Growth in India is expected to pick up further in 2017 and 2018. India will stay ahead of China on the growth curve in 2017 and 2018, while retaining the country’s gross domestic product forecast at 7.2 percent for the current fiscal the IMF has said.
Growth forecasts for 2017 were instead revised down in a India:
In India, the growth forecast for the current (2016–17) and next fiscal year were trimmed by one percentage point and 0.4 percentage point, respectively, primarily due to the temporary negative consumption shock induced by cash shortages and payment disruptions associated with the recent currency note withdrawal and exchange initiative.
With these caveats, aggregate growth estimates and projections for 2016–18 remain unchanged relative to the October 2016 World Economic Outlook. The outlook for advanced economies has improved for 2017–18, reflecting somewhat stronger activity in the second half of 2016 as well as a projected fiscal stimulus in the United States. Growth prospects have marginally worsened for emerging market and developing economies, where financial conditions have generally tightened. Near-term growth prospects were revised up for China, due to expected policy stimulus, but were revised down for a number of other large economies—most notably India, Brazil, and Mexico.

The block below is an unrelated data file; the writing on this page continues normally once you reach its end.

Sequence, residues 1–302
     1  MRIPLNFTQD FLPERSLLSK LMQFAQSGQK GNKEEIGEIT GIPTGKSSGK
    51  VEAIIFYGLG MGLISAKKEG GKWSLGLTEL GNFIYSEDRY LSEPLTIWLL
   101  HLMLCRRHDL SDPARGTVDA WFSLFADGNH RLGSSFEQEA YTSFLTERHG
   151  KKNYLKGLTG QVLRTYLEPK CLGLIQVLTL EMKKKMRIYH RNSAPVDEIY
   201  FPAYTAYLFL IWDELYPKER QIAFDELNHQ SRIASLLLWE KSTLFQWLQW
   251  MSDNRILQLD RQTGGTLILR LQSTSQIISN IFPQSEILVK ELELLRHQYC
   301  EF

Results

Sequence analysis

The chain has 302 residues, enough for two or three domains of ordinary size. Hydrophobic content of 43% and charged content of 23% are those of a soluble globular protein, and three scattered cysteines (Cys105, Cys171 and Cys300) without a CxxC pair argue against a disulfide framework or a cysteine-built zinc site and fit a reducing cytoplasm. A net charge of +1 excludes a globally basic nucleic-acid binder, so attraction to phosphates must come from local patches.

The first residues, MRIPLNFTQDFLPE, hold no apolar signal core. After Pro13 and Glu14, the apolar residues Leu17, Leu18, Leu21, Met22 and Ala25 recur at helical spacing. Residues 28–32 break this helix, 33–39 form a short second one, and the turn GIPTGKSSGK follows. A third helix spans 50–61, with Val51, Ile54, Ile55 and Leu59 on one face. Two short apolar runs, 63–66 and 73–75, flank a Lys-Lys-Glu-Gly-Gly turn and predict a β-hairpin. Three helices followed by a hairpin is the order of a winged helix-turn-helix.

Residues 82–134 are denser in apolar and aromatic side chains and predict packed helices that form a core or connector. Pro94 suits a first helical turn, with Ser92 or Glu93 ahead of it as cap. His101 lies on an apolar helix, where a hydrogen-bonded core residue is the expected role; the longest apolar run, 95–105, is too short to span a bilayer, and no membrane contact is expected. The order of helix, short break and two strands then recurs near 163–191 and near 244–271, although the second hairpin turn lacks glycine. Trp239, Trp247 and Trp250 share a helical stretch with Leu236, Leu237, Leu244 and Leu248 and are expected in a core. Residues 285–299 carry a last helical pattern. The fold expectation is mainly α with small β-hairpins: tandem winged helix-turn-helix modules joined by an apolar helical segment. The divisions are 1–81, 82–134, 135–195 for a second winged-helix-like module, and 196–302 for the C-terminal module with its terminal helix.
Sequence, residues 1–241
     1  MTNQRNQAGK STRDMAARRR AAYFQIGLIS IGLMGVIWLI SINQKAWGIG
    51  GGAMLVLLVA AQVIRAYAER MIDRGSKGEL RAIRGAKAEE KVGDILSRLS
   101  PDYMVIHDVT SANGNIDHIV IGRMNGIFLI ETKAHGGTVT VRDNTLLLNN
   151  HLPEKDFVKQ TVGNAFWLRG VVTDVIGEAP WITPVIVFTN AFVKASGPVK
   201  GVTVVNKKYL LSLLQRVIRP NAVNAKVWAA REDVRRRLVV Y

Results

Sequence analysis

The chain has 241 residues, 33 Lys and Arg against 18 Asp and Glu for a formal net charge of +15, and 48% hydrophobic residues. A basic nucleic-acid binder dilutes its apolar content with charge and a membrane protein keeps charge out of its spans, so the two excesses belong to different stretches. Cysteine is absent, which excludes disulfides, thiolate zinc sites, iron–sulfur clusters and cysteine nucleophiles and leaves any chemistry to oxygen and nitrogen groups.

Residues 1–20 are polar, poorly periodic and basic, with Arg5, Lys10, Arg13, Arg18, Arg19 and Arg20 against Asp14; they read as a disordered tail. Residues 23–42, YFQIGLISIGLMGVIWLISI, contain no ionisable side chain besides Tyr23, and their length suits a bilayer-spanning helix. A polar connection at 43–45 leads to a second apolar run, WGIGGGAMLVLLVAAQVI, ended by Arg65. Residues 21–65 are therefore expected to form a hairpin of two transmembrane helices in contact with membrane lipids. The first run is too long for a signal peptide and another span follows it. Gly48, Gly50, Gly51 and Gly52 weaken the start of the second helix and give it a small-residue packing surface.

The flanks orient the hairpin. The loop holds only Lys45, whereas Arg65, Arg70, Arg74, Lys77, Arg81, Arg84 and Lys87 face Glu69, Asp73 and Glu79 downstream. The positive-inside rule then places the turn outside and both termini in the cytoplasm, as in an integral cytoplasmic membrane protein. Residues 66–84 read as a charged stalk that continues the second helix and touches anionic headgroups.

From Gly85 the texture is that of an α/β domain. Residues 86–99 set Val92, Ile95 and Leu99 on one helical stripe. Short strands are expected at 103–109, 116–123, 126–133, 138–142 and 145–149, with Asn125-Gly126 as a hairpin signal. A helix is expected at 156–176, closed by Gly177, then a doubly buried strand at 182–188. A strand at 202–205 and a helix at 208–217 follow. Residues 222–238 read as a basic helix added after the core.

IMF Keeps India’s growth to pick up in 2017-2018
The revisions mirror primarily macroeconomic implications of changes in policy assumptions for the world’s two largest economies, the United States and China, the multilateral agency said.
According to the report, China’s forecast for 2017 was revised up by 10 basis points, signalling the stronger than expected outturn in the first quarter of the year underpinned by previous policy easing and supply-side reforms.
For 2018, the upward revision of 20 basis points mainly reflects an expectation that the authorities will delay fiscal adjustment to meet their target of doubling their 2010 real GDP figure by 2020.
The delay comes at the cost of further large increases in debt, but downside risks around this baseline have also increased, it said.
According to the IMF, China’s failure to continue focus on addressing financial sector risks and curb excessive credit growth could result in an abrupt growth slowdown, with adverse spillovers to other countries through trade, commodity price, and confidence channels.
A faster-than-expected monetary policy normalisation in the United States could tighten global financial conditions and trigger reversals in capital flows to emerging economies, along with US dollar appreciation, it predicted.